The size of the effect for each variable considering power of effect as low (r value from 0.10 to 0.29), medium (r value from 0.30 to 0.49) and high (r value > 0.50) was calculated. The size of the effect is an objective and standardized measure of the magnitude of a given observed effect regardless of statistical significance.

This study was approved by the Human Research Ethics Committee, UNIOESTE, opinion 015/2012.

 

RESULTS

Final sample was: CG (n = 8) and LG (n = 9). There has been no difference in anthropometric data and age between groups. Table 1 shows mean values with their respective standard deviations and comparative statistics. Mean duration of pain chronicity, in months, for LG was 101.3 ± 99.4, with minimum of 12 and maximum of 348 months.

 

 

Although without significant differences in walking ratio (predicted/covered), LG volunteers had disability levels significantly higher as compared to CG.

It was also observed that LG had significantly higher levels of tension, fatigue and mental confusion as compared to CG. Graph 1 shows descriptive and inferential statistics for all variables (depression, anger, fatigue, vigor, tension, mental confusion indices, in addition to covered/predicted distances and Oswestry Disability Index).

For all comparisons, the size of the effect (r value) has varied from moderate to high, being high for all significant comparisons and moderate for those without statistical significance.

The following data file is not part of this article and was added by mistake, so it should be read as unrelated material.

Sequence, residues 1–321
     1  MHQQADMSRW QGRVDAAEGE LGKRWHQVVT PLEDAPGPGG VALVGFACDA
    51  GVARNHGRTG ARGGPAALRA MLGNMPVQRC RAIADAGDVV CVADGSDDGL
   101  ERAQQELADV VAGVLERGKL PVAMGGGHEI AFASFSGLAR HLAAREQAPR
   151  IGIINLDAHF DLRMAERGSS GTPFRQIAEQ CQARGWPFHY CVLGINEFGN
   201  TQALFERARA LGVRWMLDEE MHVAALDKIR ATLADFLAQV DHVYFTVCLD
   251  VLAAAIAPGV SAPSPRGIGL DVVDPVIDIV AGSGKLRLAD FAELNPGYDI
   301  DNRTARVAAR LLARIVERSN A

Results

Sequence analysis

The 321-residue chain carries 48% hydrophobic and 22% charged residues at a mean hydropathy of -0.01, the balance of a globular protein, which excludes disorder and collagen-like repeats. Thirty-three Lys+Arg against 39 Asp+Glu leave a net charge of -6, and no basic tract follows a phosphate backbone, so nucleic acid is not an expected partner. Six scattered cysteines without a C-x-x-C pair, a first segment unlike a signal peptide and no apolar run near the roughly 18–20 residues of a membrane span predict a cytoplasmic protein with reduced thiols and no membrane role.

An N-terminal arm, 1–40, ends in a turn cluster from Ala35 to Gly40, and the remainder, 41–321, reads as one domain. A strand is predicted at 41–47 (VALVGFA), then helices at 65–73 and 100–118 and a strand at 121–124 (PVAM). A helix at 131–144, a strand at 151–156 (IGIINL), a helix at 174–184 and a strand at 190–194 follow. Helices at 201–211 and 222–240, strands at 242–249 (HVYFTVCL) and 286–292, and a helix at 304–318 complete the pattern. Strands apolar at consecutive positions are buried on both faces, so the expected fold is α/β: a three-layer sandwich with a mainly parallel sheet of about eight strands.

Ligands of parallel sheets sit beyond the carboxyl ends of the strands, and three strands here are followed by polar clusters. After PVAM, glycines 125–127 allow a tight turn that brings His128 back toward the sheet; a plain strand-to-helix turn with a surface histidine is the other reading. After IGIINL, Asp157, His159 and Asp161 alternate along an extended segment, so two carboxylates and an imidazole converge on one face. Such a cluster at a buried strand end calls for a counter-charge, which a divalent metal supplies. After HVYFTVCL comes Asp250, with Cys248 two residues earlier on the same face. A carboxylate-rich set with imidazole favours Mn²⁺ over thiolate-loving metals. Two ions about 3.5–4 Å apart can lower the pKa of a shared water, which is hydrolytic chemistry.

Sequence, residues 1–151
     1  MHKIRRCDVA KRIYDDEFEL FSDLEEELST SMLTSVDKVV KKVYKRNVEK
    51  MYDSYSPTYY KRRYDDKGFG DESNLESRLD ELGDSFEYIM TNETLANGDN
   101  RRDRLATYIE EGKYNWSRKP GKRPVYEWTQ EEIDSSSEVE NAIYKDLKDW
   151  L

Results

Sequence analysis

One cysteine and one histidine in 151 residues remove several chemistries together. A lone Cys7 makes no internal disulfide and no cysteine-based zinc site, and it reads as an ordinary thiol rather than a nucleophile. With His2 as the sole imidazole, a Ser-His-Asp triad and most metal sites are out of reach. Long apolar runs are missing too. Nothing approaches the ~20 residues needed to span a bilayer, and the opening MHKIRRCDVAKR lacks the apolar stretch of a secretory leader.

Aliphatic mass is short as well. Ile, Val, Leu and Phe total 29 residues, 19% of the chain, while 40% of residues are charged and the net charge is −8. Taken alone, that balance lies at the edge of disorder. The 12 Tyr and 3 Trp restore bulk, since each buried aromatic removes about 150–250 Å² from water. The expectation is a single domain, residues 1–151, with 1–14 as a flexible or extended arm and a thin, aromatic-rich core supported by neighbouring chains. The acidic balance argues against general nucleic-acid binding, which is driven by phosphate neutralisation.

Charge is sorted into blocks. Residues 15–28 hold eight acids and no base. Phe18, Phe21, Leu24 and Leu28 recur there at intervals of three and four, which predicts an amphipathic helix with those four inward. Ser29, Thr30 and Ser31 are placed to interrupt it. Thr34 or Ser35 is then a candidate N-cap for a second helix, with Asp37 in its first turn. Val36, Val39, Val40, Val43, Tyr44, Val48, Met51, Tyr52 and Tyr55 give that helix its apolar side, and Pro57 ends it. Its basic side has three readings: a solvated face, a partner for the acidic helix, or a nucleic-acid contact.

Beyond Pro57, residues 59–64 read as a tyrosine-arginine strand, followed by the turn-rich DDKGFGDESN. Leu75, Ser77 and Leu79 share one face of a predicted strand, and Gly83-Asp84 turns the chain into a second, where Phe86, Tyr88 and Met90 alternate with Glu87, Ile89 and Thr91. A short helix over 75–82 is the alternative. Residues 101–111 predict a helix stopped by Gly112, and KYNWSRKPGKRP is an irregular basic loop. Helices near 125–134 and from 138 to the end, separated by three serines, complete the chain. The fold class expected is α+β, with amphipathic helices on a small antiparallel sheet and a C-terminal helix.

DISCUSSION

The hypothesis of this study was only partially confirmed, since there was no difference between CG and LG in 6MWT performance and in some psychosocial variables (depression, anger and vigor); however, there have been significant differences in other psychosocial variables (disability level, fatigue, tension and mental confusion).

It was expected that LG volunteers would perform 6MWT with poorer results as compared to CG, even because the former had high kinesiophobia scores. Some authors suggest that the fear of feeling pain is significantly related to poor functional performance of chronic low back pain individuals10. Another important observation of this study was that, in addition to high kinesiophobia scores, LG had disability levels significantly higher as compared to CG.

A possible explanation for the lack of difference in 6MWT performance between groups is given by Lee et al.11, who have reported that chronic low back pain individuals tend to walk slower, however, when stimulated, as it is the case with 6MWT, they are able to walk as fast as their pain-free peers.

Although tests to measure low back pain impact on the performance and life of people are important guides for the clinical approach, such tests not always reflect the multiplicity of influencing factors affecting pain. Disability level in our study was measured by a self-reported assessment tool. Wand et al.12 state that, in spite of self-reported disability and functional capacity measurements based on performance tests being moderately related, they are influenced by different patient characteristics. Self-reported measurements are more influenced by psychological conditions than those based on performance.

When mood and chronic low back pain factors were analyzed, LG participants had more depression, anger, fatigue, tension and mental confusion and less vigor as compared to CG, although only tension, fatigue and mental confusion had statistically significant values. With this, one may infer that symptoms related to chronic low back pain are related to poorer mental health of LG participants, while CG was closer to a positive mental health model. For Sardá Jr., Kupek and Cruz13, symptoms related to low back pain and to lumbosciatic pain have linear correlation with patients' psychological changes.

Fatigue, one statistically significant sub-item, represents a state of exhaustion, apathy and low level of energy, and may induce attention, concentration, sleep and memory disorders, in addition to irritability. This affects the process of beginning of psychosomatic, physiological and psychic problems14.